New Delhi: Thousands of farmers, agitated by agrarian laws that threaten their livelihood, have intensified their protest by blocking highways and camping on the Delhi border.
Leaders of the government and protesting farmers’ unions, led by Prime Minister Narendra Modi, have held several rounds of talks but made no progress in breaking the law passed by parliament in September.
Though various farmers’ unions have supported the protests, the movement is mostly led by growers from Punjab and Haryana.
Every year the government spends billions of dollars to buy millions of tons of rice and wheat from Punjab and Haryana, and the world’s most expensive food-buying program has now been the focus of India’s biggest farmers’ protest for years.
How does India run its massive food procurement program?
After calculating farm costs, the state announces minimum support prices (MSP) for more than 22 commodities annually to set the Agricultural Cost and Price Commission (CACP) standard.
Although the CACP declares MSPs for most crops every year, the state’s leading grain procurement firm Food Corporation of India (FCI) buys only rice and wheat at those prices due to lack of storage and money.
After buying rice and wheat from farmers at MSPs, FCI sells staples to the poor at a higher subsidy rate. The FCI compensates the government for its losses.
Does the State Procurement Program LED for Rice and Weight Production?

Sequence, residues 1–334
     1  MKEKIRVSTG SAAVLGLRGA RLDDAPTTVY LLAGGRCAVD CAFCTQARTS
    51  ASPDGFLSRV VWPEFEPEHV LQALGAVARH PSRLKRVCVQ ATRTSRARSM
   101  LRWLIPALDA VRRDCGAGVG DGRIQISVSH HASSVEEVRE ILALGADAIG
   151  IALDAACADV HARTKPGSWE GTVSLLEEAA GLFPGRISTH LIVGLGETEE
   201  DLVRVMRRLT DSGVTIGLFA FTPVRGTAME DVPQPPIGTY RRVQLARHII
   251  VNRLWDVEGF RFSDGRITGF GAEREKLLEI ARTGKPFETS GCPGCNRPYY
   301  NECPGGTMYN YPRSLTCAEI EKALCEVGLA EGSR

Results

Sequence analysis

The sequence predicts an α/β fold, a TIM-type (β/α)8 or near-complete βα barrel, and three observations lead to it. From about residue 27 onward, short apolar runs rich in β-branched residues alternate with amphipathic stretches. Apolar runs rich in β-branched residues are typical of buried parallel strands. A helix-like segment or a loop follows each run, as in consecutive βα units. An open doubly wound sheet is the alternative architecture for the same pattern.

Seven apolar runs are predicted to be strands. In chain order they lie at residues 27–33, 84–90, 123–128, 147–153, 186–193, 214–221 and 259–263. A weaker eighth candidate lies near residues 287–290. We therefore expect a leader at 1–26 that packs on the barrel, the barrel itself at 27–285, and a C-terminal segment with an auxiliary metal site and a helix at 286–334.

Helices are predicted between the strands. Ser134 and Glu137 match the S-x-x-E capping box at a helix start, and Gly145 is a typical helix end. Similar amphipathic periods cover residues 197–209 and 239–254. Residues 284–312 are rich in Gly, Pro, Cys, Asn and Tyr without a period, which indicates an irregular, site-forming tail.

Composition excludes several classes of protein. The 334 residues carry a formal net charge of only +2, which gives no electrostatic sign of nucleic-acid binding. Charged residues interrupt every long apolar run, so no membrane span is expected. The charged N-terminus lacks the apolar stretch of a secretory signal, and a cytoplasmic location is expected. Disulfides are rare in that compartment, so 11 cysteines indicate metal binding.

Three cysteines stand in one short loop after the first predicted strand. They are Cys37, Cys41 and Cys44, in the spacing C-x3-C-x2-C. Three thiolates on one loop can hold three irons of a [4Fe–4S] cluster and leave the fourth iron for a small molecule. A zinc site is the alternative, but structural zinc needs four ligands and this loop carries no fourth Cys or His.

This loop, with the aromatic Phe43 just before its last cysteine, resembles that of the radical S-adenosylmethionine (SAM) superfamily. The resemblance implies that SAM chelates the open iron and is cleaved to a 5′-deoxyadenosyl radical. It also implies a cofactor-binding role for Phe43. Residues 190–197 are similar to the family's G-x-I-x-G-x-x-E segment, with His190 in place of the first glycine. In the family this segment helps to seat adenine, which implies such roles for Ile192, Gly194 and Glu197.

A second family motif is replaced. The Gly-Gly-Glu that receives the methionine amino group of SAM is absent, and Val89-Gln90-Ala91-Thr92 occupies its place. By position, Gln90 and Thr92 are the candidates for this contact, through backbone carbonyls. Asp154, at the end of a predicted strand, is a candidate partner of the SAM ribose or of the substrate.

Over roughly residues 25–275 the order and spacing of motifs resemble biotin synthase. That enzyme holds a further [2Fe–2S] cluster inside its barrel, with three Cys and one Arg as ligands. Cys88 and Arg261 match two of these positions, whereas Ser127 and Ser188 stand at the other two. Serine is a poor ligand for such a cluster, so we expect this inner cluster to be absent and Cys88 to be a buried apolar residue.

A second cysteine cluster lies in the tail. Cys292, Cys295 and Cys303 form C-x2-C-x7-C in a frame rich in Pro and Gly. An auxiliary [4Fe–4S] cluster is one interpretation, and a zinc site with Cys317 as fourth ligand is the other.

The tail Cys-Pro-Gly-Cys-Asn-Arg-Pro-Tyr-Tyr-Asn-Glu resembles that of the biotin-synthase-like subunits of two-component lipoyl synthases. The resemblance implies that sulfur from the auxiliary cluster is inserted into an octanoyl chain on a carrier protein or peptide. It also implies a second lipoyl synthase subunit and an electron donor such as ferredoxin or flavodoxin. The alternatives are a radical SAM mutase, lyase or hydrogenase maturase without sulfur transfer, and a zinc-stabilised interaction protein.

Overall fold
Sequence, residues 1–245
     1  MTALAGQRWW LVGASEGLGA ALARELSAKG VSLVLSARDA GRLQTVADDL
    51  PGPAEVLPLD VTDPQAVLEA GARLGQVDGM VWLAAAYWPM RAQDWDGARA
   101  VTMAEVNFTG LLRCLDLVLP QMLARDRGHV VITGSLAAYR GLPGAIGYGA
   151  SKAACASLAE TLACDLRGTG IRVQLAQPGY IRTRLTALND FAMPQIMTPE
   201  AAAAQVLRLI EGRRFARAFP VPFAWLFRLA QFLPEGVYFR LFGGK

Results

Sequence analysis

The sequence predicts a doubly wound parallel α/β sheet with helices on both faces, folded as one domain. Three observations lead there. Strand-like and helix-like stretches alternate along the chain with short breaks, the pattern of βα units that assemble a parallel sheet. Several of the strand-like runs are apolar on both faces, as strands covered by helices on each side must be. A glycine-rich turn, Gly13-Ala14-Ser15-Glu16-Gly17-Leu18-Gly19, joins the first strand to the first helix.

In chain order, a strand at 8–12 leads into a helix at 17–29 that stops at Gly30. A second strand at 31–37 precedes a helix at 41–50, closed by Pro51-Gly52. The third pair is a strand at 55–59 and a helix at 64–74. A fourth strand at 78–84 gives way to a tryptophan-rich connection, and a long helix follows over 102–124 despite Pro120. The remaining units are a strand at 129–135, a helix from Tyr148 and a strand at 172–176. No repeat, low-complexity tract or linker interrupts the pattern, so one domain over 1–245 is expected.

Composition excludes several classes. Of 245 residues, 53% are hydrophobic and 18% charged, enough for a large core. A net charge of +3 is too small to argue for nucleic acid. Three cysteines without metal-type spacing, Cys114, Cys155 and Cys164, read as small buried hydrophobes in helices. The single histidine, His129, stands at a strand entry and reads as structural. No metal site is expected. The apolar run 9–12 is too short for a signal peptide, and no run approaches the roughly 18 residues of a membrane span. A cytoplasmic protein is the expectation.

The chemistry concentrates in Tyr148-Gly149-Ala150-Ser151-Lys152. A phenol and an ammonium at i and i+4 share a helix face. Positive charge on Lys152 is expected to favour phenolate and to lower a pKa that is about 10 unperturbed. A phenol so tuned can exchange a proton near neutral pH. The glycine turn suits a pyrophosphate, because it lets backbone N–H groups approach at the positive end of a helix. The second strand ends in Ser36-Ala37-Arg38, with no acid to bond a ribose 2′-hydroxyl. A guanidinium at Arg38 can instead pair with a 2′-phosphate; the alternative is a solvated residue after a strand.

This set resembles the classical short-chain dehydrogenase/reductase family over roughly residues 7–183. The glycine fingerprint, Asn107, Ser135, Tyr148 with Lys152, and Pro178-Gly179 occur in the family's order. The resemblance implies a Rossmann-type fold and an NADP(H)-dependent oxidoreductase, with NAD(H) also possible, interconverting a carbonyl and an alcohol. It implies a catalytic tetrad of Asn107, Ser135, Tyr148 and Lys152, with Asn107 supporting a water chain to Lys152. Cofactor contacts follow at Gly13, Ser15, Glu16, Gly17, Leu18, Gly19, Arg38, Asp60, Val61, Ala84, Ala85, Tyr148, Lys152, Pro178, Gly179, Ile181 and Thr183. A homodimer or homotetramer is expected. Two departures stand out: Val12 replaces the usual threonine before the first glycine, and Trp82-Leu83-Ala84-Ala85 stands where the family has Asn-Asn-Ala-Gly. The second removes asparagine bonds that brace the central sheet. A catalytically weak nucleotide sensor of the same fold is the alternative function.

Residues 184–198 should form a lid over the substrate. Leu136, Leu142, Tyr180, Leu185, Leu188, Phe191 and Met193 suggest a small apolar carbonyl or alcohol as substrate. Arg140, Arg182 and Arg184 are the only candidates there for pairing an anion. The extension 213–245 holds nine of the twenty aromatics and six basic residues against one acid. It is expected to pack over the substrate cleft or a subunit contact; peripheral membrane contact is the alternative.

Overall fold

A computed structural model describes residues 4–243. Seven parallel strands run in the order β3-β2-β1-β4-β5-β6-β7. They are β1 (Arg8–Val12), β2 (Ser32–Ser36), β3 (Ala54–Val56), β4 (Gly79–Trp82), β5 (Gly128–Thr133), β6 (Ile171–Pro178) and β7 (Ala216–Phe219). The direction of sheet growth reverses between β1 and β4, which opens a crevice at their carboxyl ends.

The guaranteed prices offered by the FCI encourage farmers to produce large quantities of rice and wheat. Overproduction puts pressure on the FCI to buy additional supplies from farmers, resulting in state warehouses overflowing and the ballooning subsidy bill increasing the budget deficit.
Despite sitting on huge mounds of rice and wheat, the annual rise in FSI MSPs and its own storage costs make it challenging to export FCI’s rice and wheat more expensive than world prices, and make overseas sales economical.
Shortly thereafter, the Government of India offers small quantities of rice and wheat to other countries through diplomatic agreements. Still, FCI’s warehouses are chock-a-block.
Who benefits the most from FCI’s secure network?
The safety net, ironically, includes farmers from the northern states of Punjab and Haryana, forcing poor associates of Bihar and other underdeveloped states to sell at a discount.
Every year, farmers in Punjab and Haryana sell their entire products to the FCI in MSPs, thanks to well-developed market yards and efficient buying centers, which are far from the undeveloped grain buying infrastructure of Bihar.
Also, unlike the poor farmers of Bihar, the rich and politically influential farming community of Punjab and Haryana, FCI continues to buy large quantities of rice and wheat from their states, where agriculture is the main basis.
While Punjab and Haryana sell their entire rice and wheat production to FCI, the collection of government agency in Bihar is less than 2% of the state’s total production.
Most farmers in Bihar who are out of the safety net are forced to sell at a 25% to 35% discount.
Bihar farmers, who are already deprived of guaranteed income, have not clearly opposed the new laws, which will enable Punjab and Haryana growers to finally stop buying FCI’s at guaranteed prices and leave private buyers at their mercy.


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